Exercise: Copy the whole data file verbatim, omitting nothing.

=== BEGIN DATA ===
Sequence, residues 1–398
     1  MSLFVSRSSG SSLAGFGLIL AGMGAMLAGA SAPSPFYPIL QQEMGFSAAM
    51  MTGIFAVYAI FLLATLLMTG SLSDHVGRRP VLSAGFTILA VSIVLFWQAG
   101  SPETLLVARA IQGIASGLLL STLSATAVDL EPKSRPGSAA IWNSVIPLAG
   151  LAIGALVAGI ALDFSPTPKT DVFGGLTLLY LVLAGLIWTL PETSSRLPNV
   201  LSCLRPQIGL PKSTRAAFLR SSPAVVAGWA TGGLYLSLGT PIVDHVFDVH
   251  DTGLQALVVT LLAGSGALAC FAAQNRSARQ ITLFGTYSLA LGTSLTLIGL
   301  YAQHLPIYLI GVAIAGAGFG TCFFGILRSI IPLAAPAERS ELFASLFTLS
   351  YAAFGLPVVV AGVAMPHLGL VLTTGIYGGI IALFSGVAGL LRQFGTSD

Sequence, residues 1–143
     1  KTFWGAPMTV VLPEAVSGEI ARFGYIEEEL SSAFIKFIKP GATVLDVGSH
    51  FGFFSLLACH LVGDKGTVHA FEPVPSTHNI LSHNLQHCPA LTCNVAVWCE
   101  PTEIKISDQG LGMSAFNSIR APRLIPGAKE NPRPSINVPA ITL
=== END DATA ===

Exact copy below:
Sequence, residues 1–398
     1  MSLFVSRSSG SSLAGFGLIL AGMGAMLAGA SAPSPFYPIL QQEMGFSAAM
    51  MTGIFAVYAI FLLATLLMTG SLSDHVGRRP VLSAGFTILA VSIVLFWQAG
   101  SPETLLVARA IQGIASGLLL STLSATAVDL EPKSRPGSAA IWNSVIPLAG
   151  LAIGALVAGI ALDFSPTPKT DVFGGLTLLY LVLAGLIWTL PETSSRLPNV
   201  LSCLRPQIGL PKSTRAAFLR SSPAVVAGWA TGGLYLSLGT PIVDHVFDVH
   251  DTGLQALVVT LLAGSGALAC FAAQNRSARQ ITLFGTYSLA LGTSLTLIGL
   301  YAQHLPIYLI GVAIAGAGFG TCFFGILRSI IPLAAPAERS ELFASLFTLS
   351  YAAFGLPVVV AGVAMPHLGL VLTTGIYGGI IALFSGVAGL LRQFGTSD

Sequence, residues 1–143
     1  KTFWGAPMTV VLPEAVSGEI ARFGYIEEEL SSAFIKFIKP GATVLDVGSH
    51  FGFFSLLACH LVGDKGTVHA FEPVPSTHNI LSHNLQHCPA LTCNVAVWCE
   101  PTEIKISDQG LGMSAFNSIR APRLIPGAKE NPRPSINVPA ITL